As I've mentioned in this newsletter before, I use the productivity app Todoist. I love it.
But I can't help but get this creeping feeling that no matter how many tasks I check off, I'll never get enough work done to be completely satisfied.
Besides the fact that this is a classic sign of Imposter Syndrome, there's also another factor at play here and that's guilt.
And while there's good forms of guilt (that can be quite motivating) and bad forms of guilt, the bottom line is that guilt stems from a false interpretation of what work is and what it is not.
What work is:
What work is not:
- A way to generate income to support yourself and/or your family
- A way to provide you with a sense of purpose and accomplishment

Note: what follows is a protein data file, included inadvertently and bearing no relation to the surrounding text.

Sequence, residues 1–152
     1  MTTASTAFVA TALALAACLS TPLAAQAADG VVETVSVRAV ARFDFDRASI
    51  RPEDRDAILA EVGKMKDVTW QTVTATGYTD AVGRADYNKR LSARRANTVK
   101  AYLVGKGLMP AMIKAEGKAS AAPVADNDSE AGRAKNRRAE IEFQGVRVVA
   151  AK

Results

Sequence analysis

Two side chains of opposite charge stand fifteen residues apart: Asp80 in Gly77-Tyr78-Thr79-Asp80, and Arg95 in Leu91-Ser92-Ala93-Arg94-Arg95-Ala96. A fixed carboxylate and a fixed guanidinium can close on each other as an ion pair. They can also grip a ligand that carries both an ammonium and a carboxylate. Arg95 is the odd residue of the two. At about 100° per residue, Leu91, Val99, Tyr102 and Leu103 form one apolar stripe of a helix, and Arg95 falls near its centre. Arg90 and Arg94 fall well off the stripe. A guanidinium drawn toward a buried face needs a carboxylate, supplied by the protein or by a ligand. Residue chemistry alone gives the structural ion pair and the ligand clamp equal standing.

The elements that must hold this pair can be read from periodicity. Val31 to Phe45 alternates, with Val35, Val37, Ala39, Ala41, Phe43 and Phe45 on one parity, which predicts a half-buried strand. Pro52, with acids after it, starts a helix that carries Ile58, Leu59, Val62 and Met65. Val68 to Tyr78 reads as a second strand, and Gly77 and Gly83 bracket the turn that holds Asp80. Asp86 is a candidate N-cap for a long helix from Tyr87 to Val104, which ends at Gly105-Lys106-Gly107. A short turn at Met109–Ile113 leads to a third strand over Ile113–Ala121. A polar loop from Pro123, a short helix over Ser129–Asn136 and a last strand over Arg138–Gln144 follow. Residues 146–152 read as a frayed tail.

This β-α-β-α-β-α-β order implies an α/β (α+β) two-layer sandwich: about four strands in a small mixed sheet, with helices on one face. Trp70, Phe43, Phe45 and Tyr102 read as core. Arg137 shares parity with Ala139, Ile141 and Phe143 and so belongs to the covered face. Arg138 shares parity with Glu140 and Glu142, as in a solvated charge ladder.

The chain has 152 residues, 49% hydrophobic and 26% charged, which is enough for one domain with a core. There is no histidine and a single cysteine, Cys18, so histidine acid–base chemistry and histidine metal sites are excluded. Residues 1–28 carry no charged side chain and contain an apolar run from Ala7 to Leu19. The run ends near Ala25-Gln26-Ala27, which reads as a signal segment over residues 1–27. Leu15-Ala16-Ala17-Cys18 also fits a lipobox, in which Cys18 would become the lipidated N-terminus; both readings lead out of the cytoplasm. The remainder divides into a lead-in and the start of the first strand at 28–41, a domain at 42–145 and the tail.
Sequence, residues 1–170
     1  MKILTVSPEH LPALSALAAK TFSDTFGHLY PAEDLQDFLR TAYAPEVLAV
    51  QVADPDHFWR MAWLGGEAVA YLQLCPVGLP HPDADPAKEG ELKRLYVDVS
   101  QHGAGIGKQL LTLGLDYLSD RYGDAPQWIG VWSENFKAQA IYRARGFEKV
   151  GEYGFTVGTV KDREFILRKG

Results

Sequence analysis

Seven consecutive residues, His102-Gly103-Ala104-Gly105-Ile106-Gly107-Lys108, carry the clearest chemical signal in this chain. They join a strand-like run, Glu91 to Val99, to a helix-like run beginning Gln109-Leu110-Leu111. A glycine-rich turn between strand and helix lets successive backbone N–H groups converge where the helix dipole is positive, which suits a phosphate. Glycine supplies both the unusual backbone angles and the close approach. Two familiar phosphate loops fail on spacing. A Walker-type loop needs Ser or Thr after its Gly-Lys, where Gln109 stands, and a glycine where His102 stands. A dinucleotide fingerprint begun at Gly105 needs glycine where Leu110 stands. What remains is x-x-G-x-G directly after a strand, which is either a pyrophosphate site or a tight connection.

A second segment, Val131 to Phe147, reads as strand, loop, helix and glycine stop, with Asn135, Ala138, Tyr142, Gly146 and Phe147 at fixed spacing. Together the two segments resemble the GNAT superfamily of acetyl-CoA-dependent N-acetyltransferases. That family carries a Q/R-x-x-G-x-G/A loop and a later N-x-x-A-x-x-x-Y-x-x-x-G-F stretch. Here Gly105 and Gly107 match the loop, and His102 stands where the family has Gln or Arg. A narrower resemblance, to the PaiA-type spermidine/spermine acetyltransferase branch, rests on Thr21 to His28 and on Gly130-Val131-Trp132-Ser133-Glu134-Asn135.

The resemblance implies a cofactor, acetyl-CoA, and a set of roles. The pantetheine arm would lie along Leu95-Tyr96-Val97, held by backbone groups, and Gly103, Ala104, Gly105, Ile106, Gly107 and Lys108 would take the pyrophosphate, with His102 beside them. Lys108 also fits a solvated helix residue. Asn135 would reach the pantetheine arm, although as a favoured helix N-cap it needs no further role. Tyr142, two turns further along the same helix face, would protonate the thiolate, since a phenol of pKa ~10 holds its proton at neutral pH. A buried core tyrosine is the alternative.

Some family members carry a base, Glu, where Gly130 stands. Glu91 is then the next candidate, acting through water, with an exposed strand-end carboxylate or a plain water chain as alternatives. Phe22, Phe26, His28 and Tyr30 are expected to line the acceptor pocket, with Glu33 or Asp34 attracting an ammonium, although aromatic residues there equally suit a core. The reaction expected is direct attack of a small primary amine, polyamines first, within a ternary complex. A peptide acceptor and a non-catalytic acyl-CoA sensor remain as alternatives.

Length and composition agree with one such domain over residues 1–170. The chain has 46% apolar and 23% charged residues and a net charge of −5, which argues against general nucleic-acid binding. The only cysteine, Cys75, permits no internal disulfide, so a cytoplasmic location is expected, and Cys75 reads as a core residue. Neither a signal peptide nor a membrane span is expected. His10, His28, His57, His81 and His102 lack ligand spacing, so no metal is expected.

- An outlet to pursue your passions
A personal observation and something I'm sure you've experienced, too, is that we're often too hard on ourselves - quick to forget all of the badass things we've achieved and constantly thinking about the next item on our to-do list.
- Who we are
- What makes us human
- How we should spend every waking moment
As HBR points out, research from Gabriele Oettingen demonstrates that focusing on the gap between what you have accomplished and what you want to accomplish leads to feelings of dissatisfaction.
Instead, we should focus on our accomplishments both at work and in our personal lives.
Our work is only one small part of what makes us who we are. Prioritize the most important items, celebrate your accomplishments, and stop feeling guilty. Heck, get out there and have some fun.
Until next Friday, Thinkers.
P.S. The Age That Women Have Babies: How a Gap Divides America
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